I arrived at Walden just before 9 am on Monday to find Walden’s wardens directing traffic into the lot adjacent to the Thoreau Society shop. It was about 16 degrees fahrenheit and the sun did not have the strength to peek through the heavy grey cloud layer and I wondered what the attendance would be like.
My friend Cathy, whom I had not seen since we last swam together a month ago, had just texted that she was on her way. Stephanie and Frank, two other serious winter swimmers would also be there. I put on my beanie, zipped up my winter coat and stuffed chemical hand warmers into my mittens.
Winter in New England is not easy for one who loves nature, at least not if you love nature and warmth as well. Typically December is not the worst month. We reserve that for February! But the climate is changing all over the globe, and even if you don’t believe in it, it seems to be happening all around us.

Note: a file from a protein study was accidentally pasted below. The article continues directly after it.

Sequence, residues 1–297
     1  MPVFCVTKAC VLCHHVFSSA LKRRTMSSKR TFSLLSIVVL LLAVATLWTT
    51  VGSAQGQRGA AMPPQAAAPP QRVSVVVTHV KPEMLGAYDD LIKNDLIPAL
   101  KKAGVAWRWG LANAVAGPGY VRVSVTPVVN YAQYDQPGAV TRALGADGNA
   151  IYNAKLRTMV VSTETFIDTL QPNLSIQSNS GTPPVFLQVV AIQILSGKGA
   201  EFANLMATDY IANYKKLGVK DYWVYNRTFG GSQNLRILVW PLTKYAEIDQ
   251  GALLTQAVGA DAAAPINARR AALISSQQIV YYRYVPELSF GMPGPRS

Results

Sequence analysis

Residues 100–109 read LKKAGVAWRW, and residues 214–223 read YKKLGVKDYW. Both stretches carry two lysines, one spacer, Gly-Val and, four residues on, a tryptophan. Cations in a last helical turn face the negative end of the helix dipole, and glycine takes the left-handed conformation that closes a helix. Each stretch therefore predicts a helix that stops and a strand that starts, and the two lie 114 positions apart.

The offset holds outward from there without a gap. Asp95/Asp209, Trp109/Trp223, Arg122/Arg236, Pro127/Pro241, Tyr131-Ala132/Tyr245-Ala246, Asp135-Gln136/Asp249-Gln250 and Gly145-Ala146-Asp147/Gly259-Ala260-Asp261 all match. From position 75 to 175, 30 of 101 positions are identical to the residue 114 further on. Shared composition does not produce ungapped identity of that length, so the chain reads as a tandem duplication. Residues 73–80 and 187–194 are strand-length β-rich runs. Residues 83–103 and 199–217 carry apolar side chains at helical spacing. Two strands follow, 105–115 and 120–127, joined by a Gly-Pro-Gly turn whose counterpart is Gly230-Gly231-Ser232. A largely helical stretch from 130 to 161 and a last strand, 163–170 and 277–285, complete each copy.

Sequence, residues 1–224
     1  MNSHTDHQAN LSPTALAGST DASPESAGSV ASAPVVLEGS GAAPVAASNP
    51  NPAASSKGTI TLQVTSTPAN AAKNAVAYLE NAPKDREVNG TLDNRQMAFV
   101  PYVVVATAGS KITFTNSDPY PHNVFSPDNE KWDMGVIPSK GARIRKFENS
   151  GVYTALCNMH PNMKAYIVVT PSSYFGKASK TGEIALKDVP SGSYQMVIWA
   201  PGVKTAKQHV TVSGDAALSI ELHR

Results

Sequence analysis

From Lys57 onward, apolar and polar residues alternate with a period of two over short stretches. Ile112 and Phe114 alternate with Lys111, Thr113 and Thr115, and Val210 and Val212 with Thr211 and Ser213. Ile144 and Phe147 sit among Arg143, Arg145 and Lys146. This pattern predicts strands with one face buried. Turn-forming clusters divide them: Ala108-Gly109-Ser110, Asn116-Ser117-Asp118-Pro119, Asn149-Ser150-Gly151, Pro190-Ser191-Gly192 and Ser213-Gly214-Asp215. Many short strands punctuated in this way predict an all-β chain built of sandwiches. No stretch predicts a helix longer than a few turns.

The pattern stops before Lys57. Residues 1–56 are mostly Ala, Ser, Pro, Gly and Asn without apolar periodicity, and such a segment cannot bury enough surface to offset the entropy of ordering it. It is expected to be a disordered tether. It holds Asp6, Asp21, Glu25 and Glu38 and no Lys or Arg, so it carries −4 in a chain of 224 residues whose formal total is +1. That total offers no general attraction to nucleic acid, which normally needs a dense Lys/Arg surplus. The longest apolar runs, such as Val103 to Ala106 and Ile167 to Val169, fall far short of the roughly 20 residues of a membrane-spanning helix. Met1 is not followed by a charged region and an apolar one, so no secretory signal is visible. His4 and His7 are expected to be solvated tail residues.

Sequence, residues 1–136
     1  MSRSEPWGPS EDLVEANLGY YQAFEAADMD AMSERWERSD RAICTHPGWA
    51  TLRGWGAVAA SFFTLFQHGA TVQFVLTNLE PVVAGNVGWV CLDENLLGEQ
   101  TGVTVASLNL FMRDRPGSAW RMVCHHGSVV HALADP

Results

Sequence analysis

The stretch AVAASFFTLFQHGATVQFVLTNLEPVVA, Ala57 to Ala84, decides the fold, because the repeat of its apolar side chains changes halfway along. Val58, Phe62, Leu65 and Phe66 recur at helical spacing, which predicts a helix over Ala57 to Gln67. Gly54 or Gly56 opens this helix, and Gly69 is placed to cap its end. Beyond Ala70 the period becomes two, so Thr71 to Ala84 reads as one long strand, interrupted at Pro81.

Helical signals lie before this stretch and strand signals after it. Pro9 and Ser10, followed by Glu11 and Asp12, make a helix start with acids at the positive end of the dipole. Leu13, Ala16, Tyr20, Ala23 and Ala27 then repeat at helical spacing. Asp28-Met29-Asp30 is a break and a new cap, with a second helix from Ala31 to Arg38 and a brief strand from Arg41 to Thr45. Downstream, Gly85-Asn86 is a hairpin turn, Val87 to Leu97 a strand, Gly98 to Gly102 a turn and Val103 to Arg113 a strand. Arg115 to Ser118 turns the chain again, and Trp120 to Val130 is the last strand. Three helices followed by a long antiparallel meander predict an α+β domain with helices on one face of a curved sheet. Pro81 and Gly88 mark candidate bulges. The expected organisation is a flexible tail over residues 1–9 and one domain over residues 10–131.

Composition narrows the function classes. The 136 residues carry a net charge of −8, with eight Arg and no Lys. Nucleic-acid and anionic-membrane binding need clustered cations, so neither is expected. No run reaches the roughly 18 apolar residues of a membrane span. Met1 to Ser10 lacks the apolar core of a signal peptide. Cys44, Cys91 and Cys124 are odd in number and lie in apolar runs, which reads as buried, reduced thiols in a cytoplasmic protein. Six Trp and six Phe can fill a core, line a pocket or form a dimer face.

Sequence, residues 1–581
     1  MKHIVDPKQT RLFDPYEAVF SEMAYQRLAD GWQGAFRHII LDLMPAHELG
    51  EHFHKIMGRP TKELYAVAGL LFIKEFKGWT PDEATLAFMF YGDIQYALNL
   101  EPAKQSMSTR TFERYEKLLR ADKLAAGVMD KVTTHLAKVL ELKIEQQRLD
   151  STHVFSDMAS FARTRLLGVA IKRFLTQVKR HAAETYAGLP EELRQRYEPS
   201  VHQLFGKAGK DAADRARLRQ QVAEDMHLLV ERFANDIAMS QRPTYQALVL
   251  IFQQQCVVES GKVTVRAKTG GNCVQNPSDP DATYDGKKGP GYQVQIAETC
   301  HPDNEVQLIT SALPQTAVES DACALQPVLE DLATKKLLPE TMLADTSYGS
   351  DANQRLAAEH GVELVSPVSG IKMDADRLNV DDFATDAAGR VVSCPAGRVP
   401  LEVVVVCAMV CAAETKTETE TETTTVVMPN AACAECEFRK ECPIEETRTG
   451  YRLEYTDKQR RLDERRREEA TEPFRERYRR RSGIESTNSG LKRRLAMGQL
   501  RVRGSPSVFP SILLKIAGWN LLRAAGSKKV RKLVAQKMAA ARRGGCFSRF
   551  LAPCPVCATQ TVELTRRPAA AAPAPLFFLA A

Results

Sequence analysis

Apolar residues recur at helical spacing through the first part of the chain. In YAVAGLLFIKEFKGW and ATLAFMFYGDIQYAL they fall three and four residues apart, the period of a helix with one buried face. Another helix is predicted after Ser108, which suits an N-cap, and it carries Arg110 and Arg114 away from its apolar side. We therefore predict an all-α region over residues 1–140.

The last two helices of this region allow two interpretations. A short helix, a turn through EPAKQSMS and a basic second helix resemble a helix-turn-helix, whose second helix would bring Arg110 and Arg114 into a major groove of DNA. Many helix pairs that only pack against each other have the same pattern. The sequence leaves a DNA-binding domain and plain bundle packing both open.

I spoke to my mum in Sydney Australia earlier this week. On Tuesday (Australian Time) she was sheltering from the sweltering heat and humidity of the Australian summer. “It’s too early in the season for it to be this hot!” she exclaimed telling me it was over 30 degrees centigrade.
And in Boston on Tuesday, we were almost washed away in probably three inches of rain. Driving home along the freeway I felt in danger of hydroplaning on the flooded roadways.
So when Governor Deval Patrick, Maeve Valley Bartlett (Secretary Energy and Environmental Affairs) and Commissioner Jack Murray (DCR) presided over the groundbreaking ceremony for phase 1 of the new visitors center for Walden Pond on Monday morning, (construction to be commenced in Spring 2015,) it was good to hear them stress the energy efficient technology which has been integrated into the planning and the construction process.
The good stewardship which Thoreau pioneered at Walden will now be reflected in the center which will welcome its visitors.